Wednesday, September 30, 2009

Memories from Past Ramadans (and Eids)

Memories from Past Ramadans (and Eids)

Many years ago, when I was a young, my mother told me that during Ramadan, all the djinn and satans would be chained in Hell, they would not be allowed out to wreck mischief to us human.
That means a free license to roam the neighbourhood, play outside after Maghrib, sunset and go to the mosque with my father on the pretext to pray terawih, but play with friends outside the mosque. Real fun times. Ramadan also means that my nightly Quran class at the late Haji Abdul Ghafur’s place suspended for a month.
In those days, the mosque was the happening place at night. I would follow my father to the mosque for Isyak prayer. Then when the villagers started praying terawih, we kids would go out and play until its time for the moreh food was served. Then we would join the villagers to eat the food.
In later years I would just perform 8 rakaat terawih prayer, while the rest of the villagers continue on finishing 20 rakaats. I would spent the time chit chatting and helping some people preparing the sweet tea after the villagers finished performing their terawih prayers.
Towards the middle of Ramadan we kids would be busy playing cannon and firecrackers. We also prepared small kerosene lights to light up our house. Normally we just use milk can with a short section of jute. The cans were half filled with kerosene, make a small hole at the middle of top cover, then thread the jute through the hole. One end of the jute is dipped in kerosene inside the can, so when we light up the jute jutting at the top of the cover, kerosene would be sucked and feed the firelight.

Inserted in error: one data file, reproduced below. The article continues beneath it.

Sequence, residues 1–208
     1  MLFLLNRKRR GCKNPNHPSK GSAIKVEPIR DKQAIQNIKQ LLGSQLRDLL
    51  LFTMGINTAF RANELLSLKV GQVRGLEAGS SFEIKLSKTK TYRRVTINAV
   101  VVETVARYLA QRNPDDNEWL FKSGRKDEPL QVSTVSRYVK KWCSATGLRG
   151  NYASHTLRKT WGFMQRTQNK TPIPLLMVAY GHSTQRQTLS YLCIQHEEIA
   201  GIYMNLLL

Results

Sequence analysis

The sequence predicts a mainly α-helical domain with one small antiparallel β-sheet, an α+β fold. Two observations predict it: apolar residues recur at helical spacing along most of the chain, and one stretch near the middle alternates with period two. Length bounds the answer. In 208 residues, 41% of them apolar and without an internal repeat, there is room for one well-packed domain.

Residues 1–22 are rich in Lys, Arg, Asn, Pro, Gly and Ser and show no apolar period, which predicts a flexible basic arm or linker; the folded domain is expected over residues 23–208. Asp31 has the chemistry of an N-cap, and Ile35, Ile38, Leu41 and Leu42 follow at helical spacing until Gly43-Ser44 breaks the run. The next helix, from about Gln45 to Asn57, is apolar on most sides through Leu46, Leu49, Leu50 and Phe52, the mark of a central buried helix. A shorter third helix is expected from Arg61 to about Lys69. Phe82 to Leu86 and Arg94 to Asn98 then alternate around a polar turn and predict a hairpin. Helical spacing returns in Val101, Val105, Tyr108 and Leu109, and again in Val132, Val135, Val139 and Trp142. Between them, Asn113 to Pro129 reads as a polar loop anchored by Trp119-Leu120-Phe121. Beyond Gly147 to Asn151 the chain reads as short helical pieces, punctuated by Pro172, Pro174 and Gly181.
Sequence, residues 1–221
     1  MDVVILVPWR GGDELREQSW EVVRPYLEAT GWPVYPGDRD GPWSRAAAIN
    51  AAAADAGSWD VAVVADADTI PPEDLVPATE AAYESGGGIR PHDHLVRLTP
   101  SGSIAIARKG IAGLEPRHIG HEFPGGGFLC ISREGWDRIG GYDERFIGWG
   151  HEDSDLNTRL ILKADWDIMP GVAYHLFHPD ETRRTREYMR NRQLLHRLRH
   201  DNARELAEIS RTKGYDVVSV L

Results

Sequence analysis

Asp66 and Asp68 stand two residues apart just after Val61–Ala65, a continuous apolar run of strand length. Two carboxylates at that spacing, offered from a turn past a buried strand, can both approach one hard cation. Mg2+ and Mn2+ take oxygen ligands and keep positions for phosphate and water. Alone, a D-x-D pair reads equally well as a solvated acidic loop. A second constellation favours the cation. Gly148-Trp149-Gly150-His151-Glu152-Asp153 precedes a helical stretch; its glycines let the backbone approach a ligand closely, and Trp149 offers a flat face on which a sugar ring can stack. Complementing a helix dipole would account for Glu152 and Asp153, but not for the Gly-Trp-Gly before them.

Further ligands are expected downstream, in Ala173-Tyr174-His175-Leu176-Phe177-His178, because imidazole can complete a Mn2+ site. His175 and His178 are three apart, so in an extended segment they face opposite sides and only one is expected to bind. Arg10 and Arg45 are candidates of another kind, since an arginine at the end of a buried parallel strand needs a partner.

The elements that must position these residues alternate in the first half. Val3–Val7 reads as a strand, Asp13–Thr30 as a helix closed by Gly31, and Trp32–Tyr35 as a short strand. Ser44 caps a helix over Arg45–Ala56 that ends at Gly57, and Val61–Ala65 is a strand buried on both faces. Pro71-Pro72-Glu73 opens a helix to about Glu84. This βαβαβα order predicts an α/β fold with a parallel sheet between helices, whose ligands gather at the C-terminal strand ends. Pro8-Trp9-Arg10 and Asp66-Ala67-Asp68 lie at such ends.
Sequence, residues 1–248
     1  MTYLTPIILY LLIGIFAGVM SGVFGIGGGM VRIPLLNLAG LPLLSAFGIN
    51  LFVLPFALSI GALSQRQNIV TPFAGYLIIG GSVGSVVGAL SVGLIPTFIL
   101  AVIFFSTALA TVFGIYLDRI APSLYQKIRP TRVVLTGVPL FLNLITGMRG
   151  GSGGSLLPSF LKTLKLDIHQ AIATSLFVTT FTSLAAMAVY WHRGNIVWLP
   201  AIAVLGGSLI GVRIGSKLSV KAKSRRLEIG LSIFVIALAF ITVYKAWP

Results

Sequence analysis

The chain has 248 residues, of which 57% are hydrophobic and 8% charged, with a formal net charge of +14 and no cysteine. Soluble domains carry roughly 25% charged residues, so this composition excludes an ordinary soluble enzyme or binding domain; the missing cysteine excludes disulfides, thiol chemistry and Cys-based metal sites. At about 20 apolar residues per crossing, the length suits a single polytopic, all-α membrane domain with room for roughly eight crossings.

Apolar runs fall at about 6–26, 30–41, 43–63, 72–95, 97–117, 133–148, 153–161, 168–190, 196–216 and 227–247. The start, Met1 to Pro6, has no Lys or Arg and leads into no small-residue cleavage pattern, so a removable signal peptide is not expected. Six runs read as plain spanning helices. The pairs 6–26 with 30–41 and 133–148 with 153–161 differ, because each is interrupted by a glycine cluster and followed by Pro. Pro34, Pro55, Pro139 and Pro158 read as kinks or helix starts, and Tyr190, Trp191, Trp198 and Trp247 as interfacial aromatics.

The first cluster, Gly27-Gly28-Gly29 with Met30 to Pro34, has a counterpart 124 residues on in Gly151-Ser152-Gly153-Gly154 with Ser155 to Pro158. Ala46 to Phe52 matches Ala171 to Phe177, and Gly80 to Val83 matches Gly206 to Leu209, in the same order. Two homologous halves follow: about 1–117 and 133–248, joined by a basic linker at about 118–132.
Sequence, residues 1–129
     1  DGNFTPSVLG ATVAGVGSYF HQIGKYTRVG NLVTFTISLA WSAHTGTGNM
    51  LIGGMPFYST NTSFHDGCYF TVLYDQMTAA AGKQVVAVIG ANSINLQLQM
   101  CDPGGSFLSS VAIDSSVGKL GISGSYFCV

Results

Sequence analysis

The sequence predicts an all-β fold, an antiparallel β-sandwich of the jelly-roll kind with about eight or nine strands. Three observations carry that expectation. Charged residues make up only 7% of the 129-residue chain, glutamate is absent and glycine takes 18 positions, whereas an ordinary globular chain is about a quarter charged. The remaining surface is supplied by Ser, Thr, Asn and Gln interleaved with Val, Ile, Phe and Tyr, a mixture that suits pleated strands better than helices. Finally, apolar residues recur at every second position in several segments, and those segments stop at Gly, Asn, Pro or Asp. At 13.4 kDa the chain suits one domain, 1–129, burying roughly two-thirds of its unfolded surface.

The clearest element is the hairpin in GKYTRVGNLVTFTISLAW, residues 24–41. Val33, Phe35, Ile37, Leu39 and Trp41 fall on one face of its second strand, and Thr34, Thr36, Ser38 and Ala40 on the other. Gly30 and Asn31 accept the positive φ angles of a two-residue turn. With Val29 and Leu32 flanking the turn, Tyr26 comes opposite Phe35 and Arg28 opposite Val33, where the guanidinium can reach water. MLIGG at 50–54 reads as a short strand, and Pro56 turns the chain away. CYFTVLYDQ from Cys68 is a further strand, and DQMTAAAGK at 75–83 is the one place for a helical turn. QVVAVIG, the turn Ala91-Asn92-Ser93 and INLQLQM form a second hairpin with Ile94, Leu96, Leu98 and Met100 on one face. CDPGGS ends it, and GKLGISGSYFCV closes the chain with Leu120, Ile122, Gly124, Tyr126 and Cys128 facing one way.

Normally these lights would be placed from the road entrance to the front step of our houses. Sort of lighting the way to our front step.My parents told me that during Ramadan, the roh, the spirit of our dead relatives, grandparents would visit our houses during the night in Ramadan, especially during the last 10 days of Ramadan.

Wednesday, September 23, 2009

Memories of Past Ramadans (and Eid Fitr)

Ramadan was always the time to play firecrackers and cannon. In those days firecrackers were not just bunga api, but the more popular type were the ones that give a loud bang. Normally red in colour, and sold in a pack of 12. The Chinese light them up during Chinese New Year, giving sound almost similar to gunfire. If it blew up in your hand, surely you would lose a finger or two.